•  » » » 3 years ago, # ^ | ← Rev. 2 →   0 I have written the same algorithm still I am getting wrong answer on one test case. Can you please check it? include using namespace std; define ll long long int main() { ll t; cin >> t; while(t--) { string s; cin >> s; ll len = s.length(); ll count = 0; ll prevZero = 0; for(ll l=0;l=num && num>=right) { count++; continue; } else { prevZero = 0; break; } } } cout << count << endl; } }
•  » » » » 3 years ago, # ^ |   0 I think it should be (right + prevZero >= num)
•  » » » 3 years ago, # ^ |   0 please i am not able to understand where we are using binary search in this problem because the problem is tagged as binary search
•  » » » 3 years ago, # ^ |   0 thank you so much i was struggling with this question from 2 days when i read your explanation i got it...!
 » 3 years ago, # |   0 Can somebody explain B? How does the formula come? I think sorting on the basis of difference is enough. After sorting we just have to see the first element, isn't?
•  » » 3 years ago, # ^ | ← Rev. 2 →   0 if max damage >= head, you only need 1 hit if it's not and max ratio pair of damage and regen <= 0, you wont be able to winlastly, you know you need to deal x times max ratio pair of damage and regen + 1 times using max damage to finish, so the answer will be x + 1 ( 1 times using max damage). (x * ratio) + max damage >= head x >= (head — max damage) / ratio remembers, x can be floating number here, and we need to round it up so, you can add 1 to x if (head — max damage) % ratio > 0 or you add the divisor — 1 x >= (head — max damage + ratio — 1) / ratio
 » 3 years ago, # |   +6 Another way to color edges in problem D. Neither simpler nor harder but just another XD.Let's iterate over all vertices and color all "$in$" edges in color $1$ and "$out$" edges in color $2$. For every cycle, there will be the vertex which was considered last in it (let's call it $u$). It implies that color from the previous vertex in the cycle to $u$ and color from $u$ to the next vertex in the cycle are different.
 » 3 years ago, # |   +8 Does anyone know how to solve F in LCT implementation?
 » 3 years ago, # |   0 can you explain c? such algorithm does not support substrings like 00000000000001, because there hightest position is 13 and lowest 0, i don't understand please explain to me
 » 3 years ago, # |   0 I have a doubt in E, in the proof that an unbalanced set can never be made balanced again. Where are you using the assumption that $a\subset b$ ?.
•  » » 3 years ago, # ^ | ← Rev. 2 →   0 We've made some set unbalanced by having two numbers with non-zero digits at some position — that's the set $a$. So now we can always find such a position in the set $b$.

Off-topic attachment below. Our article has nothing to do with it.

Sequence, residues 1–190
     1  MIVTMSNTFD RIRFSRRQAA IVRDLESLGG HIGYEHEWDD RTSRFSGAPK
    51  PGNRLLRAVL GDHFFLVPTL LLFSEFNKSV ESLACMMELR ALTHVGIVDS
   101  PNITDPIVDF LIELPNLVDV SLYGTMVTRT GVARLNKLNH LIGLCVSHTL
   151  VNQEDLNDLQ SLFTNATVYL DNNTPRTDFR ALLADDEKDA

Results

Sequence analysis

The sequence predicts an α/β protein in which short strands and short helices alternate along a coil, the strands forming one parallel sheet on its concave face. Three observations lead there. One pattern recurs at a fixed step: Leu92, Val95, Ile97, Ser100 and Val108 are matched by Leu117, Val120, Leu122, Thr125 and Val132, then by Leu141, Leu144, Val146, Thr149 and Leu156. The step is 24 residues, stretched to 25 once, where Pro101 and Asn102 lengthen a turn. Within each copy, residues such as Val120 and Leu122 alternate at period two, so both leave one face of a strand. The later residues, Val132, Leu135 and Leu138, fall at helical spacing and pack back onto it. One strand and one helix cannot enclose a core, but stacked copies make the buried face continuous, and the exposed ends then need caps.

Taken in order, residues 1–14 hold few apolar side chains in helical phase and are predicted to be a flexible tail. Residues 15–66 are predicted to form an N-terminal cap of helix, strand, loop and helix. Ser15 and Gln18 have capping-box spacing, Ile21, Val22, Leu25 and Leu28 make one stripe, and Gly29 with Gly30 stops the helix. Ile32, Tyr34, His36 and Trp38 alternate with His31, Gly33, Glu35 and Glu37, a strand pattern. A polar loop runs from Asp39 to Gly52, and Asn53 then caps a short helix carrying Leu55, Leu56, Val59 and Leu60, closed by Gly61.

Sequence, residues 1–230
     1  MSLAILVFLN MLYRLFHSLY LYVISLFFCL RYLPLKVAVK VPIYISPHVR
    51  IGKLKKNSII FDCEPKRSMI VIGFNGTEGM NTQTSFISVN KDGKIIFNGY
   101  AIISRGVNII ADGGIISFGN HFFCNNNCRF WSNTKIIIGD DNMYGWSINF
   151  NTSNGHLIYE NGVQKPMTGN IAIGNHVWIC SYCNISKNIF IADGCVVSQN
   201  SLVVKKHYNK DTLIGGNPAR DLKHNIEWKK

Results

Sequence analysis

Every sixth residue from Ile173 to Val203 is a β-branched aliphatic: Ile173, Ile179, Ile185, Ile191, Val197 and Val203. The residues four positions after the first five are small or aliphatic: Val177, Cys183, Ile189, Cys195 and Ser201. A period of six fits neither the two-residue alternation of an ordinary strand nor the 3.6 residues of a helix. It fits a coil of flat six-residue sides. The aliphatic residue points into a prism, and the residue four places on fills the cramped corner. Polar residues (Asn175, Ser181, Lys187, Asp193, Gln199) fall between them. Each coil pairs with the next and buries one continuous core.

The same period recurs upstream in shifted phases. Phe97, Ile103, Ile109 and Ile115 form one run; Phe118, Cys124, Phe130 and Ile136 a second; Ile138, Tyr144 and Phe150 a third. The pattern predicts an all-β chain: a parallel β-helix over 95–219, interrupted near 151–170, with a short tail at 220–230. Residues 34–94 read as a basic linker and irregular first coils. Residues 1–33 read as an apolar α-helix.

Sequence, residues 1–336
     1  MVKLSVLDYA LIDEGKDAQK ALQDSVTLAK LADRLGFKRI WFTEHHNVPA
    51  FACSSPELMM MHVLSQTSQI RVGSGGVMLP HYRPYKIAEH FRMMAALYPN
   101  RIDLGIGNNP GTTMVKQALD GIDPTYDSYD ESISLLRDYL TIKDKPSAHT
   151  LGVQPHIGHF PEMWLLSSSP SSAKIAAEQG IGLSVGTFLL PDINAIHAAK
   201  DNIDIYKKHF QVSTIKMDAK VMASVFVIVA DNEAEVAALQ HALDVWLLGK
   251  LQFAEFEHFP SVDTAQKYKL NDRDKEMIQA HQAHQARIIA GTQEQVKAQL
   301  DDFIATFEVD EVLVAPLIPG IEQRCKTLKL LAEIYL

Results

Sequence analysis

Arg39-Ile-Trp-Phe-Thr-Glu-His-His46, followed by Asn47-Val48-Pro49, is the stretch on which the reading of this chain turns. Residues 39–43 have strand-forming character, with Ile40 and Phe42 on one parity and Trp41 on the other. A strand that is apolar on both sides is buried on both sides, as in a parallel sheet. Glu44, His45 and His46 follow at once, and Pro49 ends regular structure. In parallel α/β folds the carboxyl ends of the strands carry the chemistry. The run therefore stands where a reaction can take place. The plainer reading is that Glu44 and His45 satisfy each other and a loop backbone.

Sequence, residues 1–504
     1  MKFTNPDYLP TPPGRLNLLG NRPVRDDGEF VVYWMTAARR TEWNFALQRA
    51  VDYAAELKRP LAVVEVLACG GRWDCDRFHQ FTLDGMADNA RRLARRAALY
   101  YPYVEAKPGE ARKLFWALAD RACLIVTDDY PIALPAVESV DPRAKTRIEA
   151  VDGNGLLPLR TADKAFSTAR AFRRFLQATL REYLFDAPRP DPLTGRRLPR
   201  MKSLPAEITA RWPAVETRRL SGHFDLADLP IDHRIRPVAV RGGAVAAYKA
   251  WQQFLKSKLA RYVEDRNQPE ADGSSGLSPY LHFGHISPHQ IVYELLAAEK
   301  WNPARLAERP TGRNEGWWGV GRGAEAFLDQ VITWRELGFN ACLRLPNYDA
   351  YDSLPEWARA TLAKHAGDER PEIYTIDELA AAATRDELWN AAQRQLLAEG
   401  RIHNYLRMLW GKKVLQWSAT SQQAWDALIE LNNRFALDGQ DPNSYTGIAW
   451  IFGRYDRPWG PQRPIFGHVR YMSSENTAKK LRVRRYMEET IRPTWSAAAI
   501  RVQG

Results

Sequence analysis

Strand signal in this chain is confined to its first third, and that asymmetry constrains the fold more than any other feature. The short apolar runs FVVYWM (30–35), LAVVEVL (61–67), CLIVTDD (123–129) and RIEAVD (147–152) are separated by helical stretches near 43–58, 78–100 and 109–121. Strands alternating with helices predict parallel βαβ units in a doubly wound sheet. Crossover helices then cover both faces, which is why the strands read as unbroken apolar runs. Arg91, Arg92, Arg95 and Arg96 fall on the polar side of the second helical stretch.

» 3 years ago, # |   0 Another easier approach to problem D:Suppose a graph $G = (V, E)$. Partition $E$ to one group contains $in > out$ only, and one group contain $out > in$ only. Clearly no cycle in two sets. So the maximum number of colour is 2. One can just check if 1 colour is OK.
•  » » 3 years ago, # ^ |   0 Can you explain your solution in detail? Thanks.
•  » » » 3 years ago, # ^ |   +1 The lower bound is trivially 1.Construction of the upper bound:Consider two sets $\{ (i, j) : 1 \leq i < j \leq |V| \} \bigcap E$and $\{ (i, j) : 1 \leq j < i \leq |V| \} \bigcap E$Note that they are disjoint and their union is $E$. Also note that no cycle exist in both two sets. So there always exist one valid coloring method when number of colour is 2, i.e. the upper bound of the answer is 2.Check if answer is 1 by cycle detection.
•  » » » » 3 years ago, # ^ |   0 That's a very nice and intuitive solution. Thanks
•  » » 3 years ago, # ^ | ← Rev. 2 →   0 Hey. Can you please tell me why two coloring the edges when the graph has cycle doesn't work? Here's my code: https://codeforces.com/contest/1217/submission/60264580
•  » » » 3 years ago, # ^ |   0 If you simulate your algorithm for test case 3 you will see.I used to implement the same as you.
 » 3 years ago, # |   -10 Can someone explain me why my code to F with block = 500 gets AC, but with block = sqrt(n) + 10 gets WA? https://codeforces.com/contest/1217/submission/60218374, https://codeforces.com/contest/1217/submission/60218188.
 » 3 years ago, # |   +37 You missed a trivial solution to D: If there's a cycle, paint each edge $(u,v)$ such that $u>v$ black and all others white.
•  » » 3 years ago, # ^ | ← Rev. 2 →   +10 Nice solution! Actually I think that this is almost the same as the one in the editorial. Just that I don't like the complicated proof that was presented.I think that we can easily prove that your solution works because if we consider the indexes of nodes that are in a cycle, there will obviously be a distinct maximum and minimum index because there are at least 2 nodes in a cycle.The predecessor of the node with max index clearly has a smaller index. This means that we have an edge (u, v) where u < v. The predecessor of the node with minimum index clearly has a larger index. This means that we have an edge (u, v) where u > v.Therefore, in any cycle, we will always have an edge (u, v) where u > v and an edge (u', v') where u' < v'. In this way, we will always have at least one black and one white edge in a cycle.I believe this proof works for the official solution as well.